A College of DuPage student receives her diploma, May 2017. College of DuPage Newsroom, Flickr CC

Access Isn’t Enough

New York State’s groundbreaking tuition-free degree program will help thousands of middle- and lower-class families send their high school seniors to college. However, recent research in the Journal of Social Issues indicates that providing access to higher education isn’t enough to ensure their success.

Students from low socioeconomic backgrounds arrive at college with cultural experiences and emotional roadblocks over which they may stumble.

Researcher Mickaël Jury and his coauthors studied the experience of low-SES students in college and identified four key psychological barriers to success: emotional experiences, identity management, negative self-perception, and motivation. High-SES families that already include college graduates understand and equip their children with the skills they will need to navigate college academic and social culture. Sociologists from Pierre Bourdieu to Annette Lareau and beyond have noted that such high-SES families inherently promote and are familiar with the values of higher ed—achievement based on knowledge and independence rather than interdependence. But when students arrive on campus, those from low-SES backgrounds bring lower perceptions of their competency, experience greater emotional stress, and have higher drop-out rates and lower GPAs.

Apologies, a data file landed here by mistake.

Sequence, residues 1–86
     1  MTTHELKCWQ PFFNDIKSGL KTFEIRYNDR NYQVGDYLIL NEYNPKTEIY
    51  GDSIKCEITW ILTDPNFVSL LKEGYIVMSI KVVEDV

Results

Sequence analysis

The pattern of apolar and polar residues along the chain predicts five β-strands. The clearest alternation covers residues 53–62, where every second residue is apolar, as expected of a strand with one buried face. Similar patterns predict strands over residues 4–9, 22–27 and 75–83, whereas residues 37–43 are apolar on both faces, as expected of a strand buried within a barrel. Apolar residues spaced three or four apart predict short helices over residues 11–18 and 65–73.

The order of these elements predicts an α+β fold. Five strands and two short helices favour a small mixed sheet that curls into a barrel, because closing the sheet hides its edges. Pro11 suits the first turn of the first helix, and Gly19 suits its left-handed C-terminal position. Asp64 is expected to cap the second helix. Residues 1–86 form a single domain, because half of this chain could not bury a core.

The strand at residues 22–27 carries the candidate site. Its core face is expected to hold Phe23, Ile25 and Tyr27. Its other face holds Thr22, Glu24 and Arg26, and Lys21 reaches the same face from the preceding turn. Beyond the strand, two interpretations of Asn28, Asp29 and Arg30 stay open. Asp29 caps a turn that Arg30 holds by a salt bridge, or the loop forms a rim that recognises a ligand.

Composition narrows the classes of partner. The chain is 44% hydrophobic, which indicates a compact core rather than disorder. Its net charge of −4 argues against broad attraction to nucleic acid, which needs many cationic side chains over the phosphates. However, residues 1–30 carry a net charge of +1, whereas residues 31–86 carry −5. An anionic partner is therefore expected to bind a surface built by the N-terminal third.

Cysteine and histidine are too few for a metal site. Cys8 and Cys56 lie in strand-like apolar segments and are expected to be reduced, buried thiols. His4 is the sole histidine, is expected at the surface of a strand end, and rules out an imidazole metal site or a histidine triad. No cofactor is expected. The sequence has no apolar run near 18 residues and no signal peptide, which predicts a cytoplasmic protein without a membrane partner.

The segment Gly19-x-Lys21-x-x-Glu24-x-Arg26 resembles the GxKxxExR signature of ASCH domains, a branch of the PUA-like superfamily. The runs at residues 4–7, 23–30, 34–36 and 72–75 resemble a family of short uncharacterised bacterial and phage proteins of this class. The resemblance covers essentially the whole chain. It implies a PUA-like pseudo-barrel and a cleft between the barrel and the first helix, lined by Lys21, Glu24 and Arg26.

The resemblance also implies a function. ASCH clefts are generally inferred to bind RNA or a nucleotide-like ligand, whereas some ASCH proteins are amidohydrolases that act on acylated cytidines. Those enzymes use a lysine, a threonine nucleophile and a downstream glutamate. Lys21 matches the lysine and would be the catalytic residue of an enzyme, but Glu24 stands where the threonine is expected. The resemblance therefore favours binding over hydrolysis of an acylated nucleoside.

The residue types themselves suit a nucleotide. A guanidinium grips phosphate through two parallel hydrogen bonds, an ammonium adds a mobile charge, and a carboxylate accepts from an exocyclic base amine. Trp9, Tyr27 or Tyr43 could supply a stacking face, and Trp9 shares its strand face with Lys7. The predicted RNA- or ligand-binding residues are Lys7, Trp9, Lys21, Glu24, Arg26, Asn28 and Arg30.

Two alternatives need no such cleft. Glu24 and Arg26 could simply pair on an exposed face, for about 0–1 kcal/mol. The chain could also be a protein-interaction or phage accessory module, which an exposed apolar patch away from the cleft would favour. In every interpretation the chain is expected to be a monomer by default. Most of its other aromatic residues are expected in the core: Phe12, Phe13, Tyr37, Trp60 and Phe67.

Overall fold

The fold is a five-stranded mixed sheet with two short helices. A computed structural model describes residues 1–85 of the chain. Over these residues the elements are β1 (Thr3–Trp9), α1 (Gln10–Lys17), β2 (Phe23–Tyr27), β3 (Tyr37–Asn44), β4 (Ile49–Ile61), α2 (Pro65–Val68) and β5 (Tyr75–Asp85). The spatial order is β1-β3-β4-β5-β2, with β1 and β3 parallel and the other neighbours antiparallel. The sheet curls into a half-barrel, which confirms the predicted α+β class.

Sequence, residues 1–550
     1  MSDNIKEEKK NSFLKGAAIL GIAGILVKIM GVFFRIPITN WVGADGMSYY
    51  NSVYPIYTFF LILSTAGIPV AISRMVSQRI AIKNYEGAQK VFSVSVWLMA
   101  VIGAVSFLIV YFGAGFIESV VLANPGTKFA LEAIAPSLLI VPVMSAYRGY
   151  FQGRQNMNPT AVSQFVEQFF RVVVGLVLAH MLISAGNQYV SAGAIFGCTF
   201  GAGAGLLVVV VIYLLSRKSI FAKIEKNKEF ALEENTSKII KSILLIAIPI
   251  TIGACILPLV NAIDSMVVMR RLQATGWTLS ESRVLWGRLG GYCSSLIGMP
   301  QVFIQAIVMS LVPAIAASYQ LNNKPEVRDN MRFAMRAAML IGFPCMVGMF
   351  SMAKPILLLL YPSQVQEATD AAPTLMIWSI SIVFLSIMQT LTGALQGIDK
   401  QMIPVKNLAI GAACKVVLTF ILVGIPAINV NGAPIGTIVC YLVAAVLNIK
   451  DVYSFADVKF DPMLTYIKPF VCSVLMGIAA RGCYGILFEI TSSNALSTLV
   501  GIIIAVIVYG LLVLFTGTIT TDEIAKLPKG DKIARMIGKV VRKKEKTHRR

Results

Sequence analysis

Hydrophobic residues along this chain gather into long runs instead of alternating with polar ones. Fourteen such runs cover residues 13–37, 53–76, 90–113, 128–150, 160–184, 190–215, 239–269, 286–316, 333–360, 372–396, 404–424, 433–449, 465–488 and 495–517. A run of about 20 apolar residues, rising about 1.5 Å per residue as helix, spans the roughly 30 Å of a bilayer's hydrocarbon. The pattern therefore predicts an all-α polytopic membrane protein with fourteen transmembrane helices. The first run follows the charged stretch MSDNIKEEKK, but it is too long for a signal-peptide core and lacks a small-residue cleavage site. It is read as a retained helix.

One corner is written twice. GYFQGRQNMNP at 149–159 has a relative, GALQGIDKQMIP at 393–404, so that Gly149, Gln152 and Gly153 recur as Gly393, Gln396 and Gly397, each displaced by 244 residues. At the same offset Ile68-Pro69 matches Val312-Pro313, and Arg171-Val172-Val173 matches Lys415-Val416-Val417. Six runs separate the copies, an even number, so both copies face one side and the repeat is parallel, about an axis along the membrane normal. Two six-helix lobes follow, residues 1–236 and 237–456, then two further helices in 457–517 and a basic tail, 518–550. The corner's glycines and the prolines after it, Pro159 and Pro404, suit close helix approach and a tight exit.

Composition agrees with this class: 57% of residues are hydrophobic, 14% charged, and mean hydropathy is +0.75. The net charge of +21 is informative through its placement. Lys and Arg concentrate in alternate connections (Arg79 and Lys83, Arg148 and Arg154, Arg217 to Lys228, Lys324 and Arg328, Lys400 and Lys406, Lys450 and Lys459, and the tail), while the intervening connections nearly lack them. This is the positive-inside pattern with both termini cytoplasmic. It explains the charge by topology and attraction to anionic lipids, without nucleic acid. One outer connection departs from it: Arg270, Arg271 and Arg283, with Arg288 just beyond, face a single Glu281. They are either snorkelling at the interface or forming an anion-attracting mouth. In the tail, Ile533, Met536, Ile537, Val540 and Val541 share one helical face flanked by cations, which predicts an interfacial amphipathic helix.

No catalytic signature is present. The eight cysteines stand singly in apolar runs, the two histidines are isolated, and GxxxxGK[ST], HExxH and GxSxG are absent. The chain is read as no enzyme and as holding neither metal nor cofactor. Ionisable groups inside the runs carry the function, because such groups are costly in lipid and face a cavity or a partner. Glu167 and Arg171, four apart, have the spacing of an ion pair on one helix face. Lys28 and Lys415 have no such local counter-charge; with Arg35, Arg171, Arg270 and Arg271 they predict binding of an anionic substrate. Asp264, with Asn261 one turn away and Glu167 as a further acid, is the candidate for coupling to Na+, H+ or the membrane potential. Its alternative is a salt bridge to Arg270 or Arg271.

The authors suggest a number of strategies colleges and universities can implement to support all students while also addressing the needs of lower-SES students in their transitions to higher ed. Among their proposals: self-reflective activities helping students identify their strengths and personal values, thereby creating a positive identity and identifying emotional tools that can be utilized later on. Colleges, they write, should also organize student panels of juniors and seniors from diverse SES backgrounds, demonstrating to incoming freshman how other college students have capitalized on their background experiences and reinforcing that all life experience is valuable.

New York’s access-for-all initiative will open doors for many students who might not otherwise have the opportunity to obtain a college education. Now it is up to the institutions to support the students who walk through those doors.

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